Selective Control of Cell Activity with Hydrophilic Polymer-Covered Cationic Nanoparticles

Hsiu-Pen Lin, Jun Akimoto*, Yaw-Kuen Li*, Yoshihiro Ito*

*Corresponding author for this work

Research output: Contribution to journalArticlepeer-review


Cationic polymers exhibit high cytotoxicity via strong interaction with cell membranes. To reduce cell membrane damage, a hydrophilic polymer is introduced to the cationic nanoparticle surface. The hydrophilic polymer coating of cationic nanoparticles resulted in a nearly neutral nanoparticle. These particles are applied to mouse fibroblast (3T3) and human cervical adenocarcinoma (Hela) cells. Interestingly, nanoparticles with a long cationic segment decrease cell activity regardless of cell type, while those with a short segment only affect 3T3 cell activity at lower concentrations less than 500 mu g mL(-1). Most nanoparticles are located inside 3T3 cells but on the cell membrane of Hela cells. The short cationic nanoparticle shows negligible cell membrane damage despite its high accumulation on Hela cell membranes. Cell activity changed by hydrophilic polymer-coated cationic nanoparticles is caused by incorporated nanoparticle accumulation in the cells, not cell membrane damage. To suppress the cytotoxicity from the cationic polymer, cationic nanoparticle needs to completely cover with hydrophilic polymer so as not to exhibit the cationic effect and applies to cell with low concentrations to reduce the nonselective cytotoxicity from the cationic polymer.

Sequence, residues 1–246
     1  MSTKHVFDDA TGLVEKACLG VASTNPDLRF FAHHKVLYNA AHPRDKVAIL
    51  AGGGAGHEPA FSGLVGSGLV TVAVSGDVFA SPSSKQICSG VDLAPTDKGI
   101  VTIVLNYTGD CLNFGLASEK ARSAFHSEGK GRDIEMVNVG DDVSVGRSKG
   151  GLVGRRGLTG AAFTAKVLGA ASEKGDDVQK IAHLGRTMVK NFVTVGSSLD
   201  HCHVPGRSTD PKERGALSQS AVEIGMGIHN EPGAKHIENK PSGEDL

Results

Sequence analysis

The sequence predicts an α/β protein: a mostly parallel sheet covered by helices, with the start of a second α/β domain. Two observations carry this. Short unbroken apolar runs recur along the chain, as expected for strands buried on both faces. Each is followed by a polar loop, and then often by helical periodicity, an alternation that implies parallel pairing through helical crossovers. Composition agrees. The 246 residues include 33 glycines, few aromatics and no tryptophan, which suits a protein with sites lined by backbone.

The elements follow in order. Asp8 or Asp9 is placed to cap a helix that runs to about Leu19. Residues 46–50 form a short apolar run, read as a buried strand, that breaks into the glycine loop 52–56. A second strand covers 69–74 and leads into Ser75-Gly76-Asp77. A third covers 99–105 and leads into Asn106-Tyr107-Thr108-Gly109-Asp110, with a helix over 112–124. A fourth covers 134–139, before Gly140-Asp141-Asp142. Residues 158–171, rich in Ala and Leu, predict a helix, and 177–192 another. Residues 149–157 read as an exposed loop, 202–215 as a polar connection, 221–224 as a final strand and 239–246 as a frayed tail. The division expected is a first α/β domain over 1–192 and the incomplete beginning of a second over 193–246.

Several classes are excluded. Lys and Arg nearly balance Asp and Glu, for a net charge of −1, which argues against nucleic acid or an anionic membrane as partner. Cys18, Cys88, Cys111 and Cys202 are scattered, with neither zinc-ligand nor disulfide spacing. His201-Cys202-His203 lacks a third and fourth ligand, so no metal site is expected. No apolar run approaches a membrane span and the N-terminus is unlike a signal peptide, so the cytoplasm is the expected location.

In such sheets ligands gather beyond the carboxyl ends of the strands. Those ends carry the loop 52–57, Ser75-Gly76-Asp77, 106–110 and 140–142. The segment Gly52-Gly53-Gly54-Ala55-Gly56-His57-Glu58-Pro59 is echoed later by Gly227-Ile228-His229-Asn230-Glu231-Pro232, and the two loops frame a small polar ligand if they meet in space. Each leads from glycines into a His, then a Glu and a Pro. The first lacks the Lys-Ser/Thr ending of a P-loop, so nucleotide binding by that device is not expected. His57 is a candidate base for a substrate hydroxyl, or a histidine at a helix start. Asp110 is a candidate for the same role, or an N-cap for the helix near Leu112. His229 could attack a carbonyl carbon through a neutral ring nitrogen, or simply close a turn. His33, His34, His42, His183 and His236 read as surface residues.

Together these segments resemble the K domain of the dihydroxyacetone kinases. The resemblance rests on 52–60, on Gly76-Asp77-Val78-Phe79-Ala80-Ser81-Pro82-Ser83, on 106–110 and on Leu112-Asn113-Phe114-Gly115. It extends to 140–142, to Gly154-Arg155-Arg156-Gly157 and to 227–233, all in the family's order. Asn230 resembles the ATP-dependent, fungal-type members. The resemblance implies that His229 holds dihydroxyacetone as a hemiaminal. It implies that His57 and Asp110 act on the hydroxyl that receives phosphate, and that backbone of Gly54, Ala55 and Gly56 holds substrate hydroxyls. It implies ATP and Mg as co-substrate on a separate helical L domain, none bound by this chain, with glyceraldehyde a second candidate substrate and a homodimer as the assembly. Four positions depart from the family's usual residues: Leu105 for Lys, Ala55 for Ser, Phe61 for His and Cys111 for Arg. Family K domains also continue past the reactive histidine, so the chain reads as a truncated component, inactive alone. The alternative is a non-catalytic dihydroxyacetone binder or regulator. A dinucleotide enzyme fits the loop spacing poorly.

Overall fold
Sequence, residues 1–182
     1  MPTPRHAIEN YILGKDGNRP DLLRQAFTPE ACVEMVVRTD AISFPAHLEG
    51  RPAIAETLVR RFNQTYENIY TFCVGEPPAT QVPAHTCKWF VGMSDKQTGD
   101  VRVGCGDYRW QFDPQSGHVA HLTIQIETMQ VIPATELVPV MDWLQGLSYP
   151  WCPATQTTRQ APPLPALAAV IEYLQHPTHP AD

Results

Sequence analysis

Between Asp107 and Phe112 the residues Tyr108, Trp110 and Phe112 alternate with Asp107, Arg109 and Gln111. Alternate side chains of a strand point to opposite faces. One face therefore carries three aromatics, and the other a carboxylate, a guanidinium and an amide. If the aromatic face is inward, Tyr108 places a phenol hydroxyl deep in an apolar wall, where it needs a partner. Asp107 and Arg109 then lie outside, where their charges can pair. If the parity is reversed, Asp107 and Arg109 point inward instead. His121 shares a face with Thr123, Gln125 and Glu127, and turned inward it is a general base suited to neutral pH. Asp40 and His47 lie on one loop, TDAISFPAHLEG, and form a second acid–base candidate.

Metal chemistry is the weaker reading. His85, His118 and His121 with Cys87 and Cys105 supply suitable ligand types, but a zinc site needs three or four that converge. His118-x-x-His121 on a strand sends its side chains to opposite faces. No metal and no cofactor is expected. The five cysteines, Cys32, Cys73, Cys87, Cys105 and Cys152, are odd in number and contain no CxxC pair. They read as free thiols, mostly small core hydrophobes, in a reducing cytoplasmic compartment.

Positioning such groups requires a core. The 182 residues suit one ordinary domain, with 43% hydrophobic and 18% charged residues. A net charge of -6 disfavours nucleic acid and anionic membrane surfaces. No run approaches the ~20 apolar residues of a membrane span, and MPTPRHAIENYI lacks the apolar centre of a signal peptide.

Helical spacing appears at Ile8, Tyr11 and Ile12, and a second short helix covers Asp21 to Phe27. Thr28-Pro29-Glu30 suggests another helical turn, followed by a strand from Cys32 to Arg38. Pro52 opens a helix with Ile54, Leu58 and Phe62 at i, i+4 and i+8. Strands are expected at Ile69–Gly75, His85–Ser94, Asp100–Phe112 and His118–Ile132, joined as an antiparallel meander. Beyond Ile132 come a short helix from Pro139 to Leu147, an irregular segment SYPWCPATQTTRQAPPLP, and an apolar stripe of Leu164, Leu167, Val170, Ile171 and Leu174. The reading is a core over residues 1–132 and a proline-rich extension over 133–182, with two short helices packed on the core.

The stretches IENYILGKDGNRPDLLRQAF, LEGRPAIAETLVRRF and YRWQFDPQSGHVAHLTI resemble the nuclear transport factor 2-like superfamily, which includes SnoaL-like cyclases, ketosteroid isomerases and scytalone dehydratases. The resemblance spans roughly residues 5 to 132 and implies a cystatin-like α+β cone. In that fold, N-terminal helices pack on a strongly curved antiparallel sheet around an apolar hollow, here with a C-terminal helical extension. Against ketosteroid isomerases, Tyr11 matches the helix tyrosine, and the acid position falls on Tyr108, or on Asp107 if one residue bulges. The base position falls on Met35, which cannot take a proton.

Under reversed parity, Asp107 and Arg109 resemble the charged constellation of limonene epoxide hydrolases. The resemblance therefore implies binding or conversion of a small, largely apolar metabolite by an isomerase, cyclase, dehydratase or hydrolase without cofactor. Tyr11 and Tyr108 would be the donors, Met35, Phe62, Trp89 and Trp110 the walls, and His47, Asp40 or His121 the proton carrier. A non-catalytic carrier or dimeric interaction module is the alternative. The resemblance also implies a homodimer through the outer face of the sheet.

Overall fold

Original languageEnglish
Article number2000049
Number of pages8
JournalMacromolecular Bioscience
StateE-pub ahead of print - 6 Apr 2020


  • cationic polymers
  • cellular membranes
  • cytotoxicity
  • hydrophilic polymer coating
  • nanoparticles
  • PEI

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